Wednesday, August 5, 2009

Bernie Ecclestone is Bluffing Montreal

It's doubtful that Bernie Ecclestone would ever need to embark on another career, but if he did, he should consider taking a seat at the World Series of Poker. Mr. Ecclestone has demonstrated that he is the world's greatest bluffer and has played for stakes that the most successful poker players in the world could only dream about.

A couple of years ago, the boss of Formula 1 racing persuaded an international conglomerate to buy out the majority of his business interest in Formula 1 racing for billions, when clearly the future indicated that the sport was tracking downward.

In a brawl with team owners this year, Bernie prevailed again, despite the fact that the teams were holding a royal flush and he was playing a busted straight. The dispute centered on the proposed imposition of a spending cap, which the richest and most successful teams rejected. They threatened to bolt and start their own racing circuit. Without the teams, Bernie and Formula 1 would be left holding an empty bag and it seemed, for a while at least, that the teams would opt for other arrangements.

It was not to be. Bernie, in a masterful example of bravado, faced down the threat with a compromise that left him firmly in control.

Yesterday he announced that Montreal would again be added to the racing schedule next year,

Trouble is, that it's news to Montreal Mayor Tremblay and his negotiating team.
Today they are scratching their collective head, trying to figure out what the heck is going on. According to them, no deal has been struck, even though they remain hopeful.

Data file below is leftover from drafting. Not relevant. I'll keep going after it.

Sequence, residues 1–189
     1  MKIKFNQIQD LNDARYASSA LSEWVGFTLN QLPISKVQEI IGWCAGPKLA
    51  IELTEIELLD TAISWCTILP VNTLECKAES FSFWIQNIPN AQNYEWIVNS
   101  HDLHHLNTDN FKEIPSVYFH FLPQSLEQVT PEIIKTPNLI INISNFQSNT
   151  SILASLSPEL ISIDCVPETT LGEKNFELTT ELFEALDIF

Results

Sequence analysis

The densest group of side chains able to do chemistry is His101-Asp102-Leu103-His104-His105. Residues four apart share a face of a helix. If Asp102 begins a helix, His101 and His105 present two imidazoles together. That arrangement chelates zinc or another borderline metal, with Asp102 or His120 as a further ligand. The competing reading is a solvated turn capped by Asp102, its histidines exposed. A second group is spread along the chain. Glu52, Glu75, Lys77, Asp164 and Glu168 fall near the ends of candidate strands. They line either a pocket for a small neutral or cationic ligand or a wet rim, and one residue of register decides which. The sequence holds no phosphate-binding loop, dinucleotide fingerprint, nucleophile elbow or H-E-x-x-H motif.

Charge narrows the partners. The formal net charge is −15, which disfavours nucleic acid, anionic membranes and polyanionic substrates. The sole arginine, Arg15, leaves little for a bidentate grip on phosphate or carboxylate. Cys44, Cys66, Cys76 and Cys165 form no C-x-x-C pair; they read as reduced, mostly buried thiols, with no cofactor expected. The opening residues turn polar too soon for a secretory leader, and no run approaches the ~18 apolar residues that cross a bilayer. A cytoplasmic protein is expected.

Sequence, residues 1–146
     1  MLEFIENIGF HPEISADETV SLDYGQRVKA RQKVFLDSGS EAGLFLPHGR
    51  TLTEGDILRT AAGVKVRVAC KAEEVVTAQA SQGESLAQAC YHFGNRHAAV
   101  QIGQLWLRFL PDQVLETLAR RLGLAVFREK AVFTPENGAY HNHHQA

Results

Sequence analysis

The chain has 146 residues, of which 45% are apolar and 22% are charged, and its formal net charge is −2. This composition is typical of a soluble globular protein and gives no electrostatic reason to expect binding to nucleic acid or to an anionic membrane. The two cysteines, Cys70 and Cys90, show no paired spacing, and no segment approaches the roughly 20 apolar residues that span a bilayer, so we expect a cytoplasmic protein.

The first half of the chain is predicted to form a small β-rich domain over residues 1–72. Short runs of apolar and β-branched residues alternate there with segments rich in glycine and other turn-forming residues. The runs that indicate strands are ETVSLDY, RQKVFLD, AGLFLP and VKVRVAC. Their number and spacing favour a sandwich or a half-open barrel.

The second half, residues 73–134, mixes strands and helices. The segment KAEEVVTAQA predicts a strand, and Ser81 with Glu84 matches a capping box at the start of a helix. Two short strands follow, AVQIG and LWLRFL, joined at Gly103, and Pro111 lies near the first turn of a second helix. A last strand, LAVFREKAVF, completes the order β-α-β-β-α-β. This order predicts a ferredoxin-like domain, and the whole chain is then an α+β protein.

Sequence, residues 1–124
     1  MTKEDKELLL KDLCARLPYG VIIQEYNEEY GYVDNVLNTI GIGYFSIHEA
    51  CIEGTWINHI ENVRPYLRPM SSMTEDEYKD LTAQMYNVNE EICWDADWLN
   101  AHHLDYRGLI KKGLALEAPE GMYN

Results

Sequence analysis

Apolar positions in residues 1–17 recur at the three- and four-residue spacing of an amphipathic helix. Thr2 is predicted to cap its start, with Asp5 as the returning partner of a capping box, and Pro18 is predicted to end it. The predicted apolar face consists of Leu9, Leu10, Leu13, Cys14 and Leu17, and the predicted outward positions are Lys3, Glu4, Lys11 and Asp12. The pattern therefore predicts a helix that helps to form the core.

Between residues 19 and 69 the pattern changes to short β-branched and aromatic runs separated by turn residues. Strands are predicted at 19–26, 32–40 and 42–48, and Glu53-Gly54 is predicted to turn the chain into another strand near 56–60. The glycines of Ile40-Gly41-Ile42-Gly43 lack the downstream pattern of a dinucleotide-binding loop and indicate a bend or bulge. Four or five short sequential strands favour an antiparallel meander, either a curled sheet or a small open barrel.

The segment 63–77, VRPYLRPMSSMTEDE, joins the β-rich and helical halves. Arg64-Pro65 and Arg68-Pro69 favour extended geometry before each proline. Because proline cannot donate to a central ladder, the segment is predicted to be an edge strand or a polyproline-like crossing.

It's but another masterful negotiating ploy by Bernie, one meant to wring out more concessions from the City, as negotiations go down the final stretch.

Once Bernie announced that a deal was done (when in fact it wasn't) any failure would be conceived by the public as a failure of the part of the city, an outcome that Bernie understands would be politically unacceptable.

If Montreal is smart, they'd back off and demand concessions from Formula 1, instead of the other way around.

The race is coming back to Montreal, not because of anything the city has done or offered, but because pressure in being applied by the racing sponsors and teams.

Ferrari, the most powerful and influential team was furious with the elimination of Montreal as a venue. Sales of their cars in North America represent a big part of their business and the event in Montreal was as huge a celebration of the brand.

It may also be, that the return of racing to Montreal was one of the conditions demanded by the teams in accepting a compromise that left Bernie Ecclestone and his organization in charge.

The mayor and his negotiating team, should understand that it is they that are in the driver's seat. Let's hope that they understand their negotiating strength and call Bernie on his crappy poker hand.


1 comment:

  1. Editor;
    I wrote this piece last night. Today I woke up to the exact same story with the exact same angle on the front page of the Montreal Gazette.

    Do great minds think alike?